Recently, I served as a panelist for the webinar, “Budgeting Basics: How to Build a Strong Budget for 2015.” We discussed a variety of topics, including how budgets affect profitability, when to start building next year’s budget, planning framework and company stakeholders who need to be involved in the process.
One vital aspect of budgeting is to determine which type of budget methodology to use. Here, I outline three different budget methodologies—top-down, bottom-up and iterative—as well as their advantages and disadvantages. What type of budget works best for your company?
Top-down budgeting is the term given to a budgeting process based on estimating the cost of higher-level tasks first and using these estimates to constrain the estimates for lower level tasks. A crucial factor for successfully implementing this method for estimating budgets is the experience and judgment of those involved in producing the overall budget estimate.
- Takes less time
- Promotes upper-level commitment
- Does not require multilevel participation
- Lower management better understands what upper management expects
- Presented down the ladder
- Translating long-range budgets into short-range budgets can be a challenge
- Top management’s limited knowledge of specifics of project tasks and activities may lead to underestimation of costs
- Can lead to competition for funds among lower-level managers trying to secure adequate funding for their operations
- This process is a zero sum game –one person’s or area’s gain is another’s loss
- Subordinate managers often feel that they have insufficient budget allocations to achieve the objectives
- Aggregate budget is quite accurate, even though some individual activities are subject to large error
- Budgets are stable as a percent of total allocation and the statistical distribution of the budget is also stable, leading to high predictability
- Small costly tasks don’t need to be identified early in this process; they are factored into overall estimate
- Can be accomplished in a short time
Sometimes called zero-based budgeting, bottom-up budgeting begins with identifying all the constituent tasks that are involved in implementing a project and working out the resources and funding required by each. It provides the opportunity to create organization-level budgets by rolling up project budgets and creates centralized project-level budgets from their sub-project budgets. It also provides project managers with the flexibility to define their project budgets independently, and financial managers have the ability to centrally review the total project budget/s.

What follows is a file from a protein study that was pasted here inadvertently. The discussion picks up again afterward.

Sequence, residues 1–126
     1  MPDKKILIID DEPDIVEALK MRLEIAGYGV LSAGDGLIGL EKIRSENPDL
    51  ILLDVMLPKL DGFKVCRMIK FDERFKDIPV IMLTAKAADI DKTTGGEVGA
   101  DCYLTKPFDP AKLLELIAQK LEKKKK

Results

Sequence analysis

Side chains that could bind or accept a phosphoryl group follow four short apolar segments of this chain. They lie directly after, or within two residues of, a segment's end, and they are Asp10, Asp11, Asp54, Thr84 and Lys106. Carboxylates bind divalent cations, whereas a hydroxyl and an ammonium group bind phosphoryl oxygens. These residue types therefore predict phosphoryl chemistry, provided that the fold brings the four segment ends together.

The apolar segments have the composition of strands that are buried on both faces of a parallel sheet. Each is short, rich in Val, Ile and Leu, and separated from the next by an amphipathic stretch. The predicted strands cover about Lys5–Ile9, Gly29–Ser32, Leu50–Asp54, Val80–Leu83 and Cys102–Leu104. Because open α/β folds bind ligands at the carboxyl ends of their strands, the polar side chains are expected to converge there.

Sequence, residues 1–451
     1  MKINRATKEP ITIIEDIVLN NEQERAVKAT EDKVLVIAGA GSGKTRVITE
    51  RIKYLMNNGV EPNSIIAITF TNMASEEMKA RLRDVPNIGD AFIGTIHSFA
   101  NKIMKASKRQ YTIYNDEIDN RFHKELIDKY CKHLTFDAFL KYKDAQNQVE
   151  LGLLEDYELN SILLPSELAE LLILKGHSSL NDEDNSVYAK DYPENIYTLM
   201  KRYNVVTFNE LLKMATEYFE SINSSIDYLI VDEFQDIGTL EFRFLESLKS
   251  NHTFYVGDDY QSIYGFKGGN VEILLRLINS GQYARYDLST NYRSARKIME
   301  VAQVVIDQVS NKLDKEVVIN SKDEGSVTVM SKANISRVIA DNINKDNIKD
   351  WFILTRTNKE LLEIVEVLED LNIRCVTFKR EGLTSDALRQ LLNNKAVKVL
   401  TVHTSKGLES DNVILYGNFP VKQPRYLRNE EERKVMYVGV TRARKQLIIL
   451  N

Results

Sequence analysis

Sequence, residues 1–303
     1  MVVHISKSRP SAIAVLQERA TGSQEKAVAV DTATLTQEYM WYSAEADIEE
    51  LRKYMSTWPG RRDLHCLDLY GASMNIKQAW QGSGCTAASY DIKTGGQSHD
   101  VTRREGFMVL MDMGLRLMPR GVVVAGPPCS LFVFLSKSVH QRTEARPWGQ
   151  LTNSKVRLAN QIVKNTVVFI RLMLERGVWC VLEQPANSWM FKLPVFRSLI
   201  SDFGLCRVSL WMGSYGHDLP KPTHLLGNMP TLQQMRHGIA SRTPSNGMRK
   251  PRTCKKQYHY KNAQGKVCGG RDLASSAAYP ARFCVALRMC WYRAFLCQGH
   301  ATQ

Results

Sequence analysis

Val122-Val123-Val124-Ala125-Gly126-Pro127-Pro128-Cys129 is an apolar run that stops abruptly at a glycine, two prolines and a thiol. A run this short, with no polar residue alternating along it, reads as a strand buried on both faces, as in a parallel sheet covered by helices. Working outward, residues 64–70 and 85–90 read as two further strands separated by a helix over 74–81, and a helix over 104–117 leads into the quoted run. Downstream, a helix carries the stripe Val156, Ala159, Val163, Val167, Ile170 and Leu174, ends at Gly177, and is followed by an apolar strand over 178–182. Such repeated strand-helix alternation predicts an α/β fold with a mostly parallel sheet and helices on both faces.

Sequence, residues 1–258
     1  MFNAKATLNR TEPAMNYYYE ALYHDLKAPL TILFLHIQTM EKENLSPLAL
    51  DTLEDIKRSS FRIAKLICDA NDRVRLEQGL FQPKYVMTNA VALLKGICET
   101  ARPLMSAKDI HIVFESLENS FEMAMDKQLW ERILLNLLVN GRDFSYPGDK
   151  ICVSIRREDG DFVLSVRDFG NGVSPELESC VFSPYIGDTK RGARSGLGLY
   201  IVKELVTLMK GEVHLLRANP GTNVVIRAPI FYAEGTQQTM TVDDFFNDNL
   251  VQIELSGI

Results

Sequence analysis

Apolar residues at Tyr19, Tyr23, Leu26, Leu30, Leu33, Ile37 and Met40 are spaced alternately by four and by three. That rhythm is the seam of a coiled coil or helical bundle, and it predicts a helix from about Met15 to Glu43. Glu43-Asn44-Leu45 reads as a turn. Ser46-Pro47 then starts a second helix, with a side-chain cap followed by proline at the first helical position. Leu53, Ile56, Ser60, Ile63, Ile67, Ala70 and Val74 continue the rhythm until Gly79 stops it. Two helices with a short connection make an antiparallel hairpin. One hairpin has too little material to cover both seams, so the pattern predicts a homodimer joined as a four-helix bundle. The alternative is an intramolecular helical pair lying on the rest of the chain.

- Takes more time
- Involves cross-section of the organization
- Presented up the ladder
- Seeks participation at all levels
- Encourages commitment to the plan
- Top management has limited influence over the budgeting process
- Individuals tend to overstate their resource needs because they suspect that higher management will probably cut all budgets by the same percentage
- More persuasive managers sometimes get a disproportionate share of resources
- A significant portion of budget building is in the hands of the junior personnel in the organization
- Sometimes critical activities are missed and left unbudgeted
- Higher accuracy of the budgets for individual tasks
- Clear flow of information
- Use of detailed data available at project management level as basic source of cost, schedule, and resource requirement information
- Participation in the process leads to ownership and acceptance
Iterative means “to repeat or do again.” The iterative process is a combination of top-down and bottom-up budget building. There is a higher project level (top-down) and a lower level (bottom-up) estimation of costs. The two estimations are compared, negotiated and reconciled.
- Relatively inefficient and time consuming nature of the negotiations over the budgets
- Process may not work well when communication channels are either informal or blocked between lower-level managers and senior management
- Promotes employee involvement and stimulates a high degree of information flow between those involved in the project at different levels
- Both senior management and lower level management closer to the actual process participate in the budgeting process
For more information on budget best practices, the webinar “Budgeting Basics: How to Build a Strong Budget for 2015” is available here.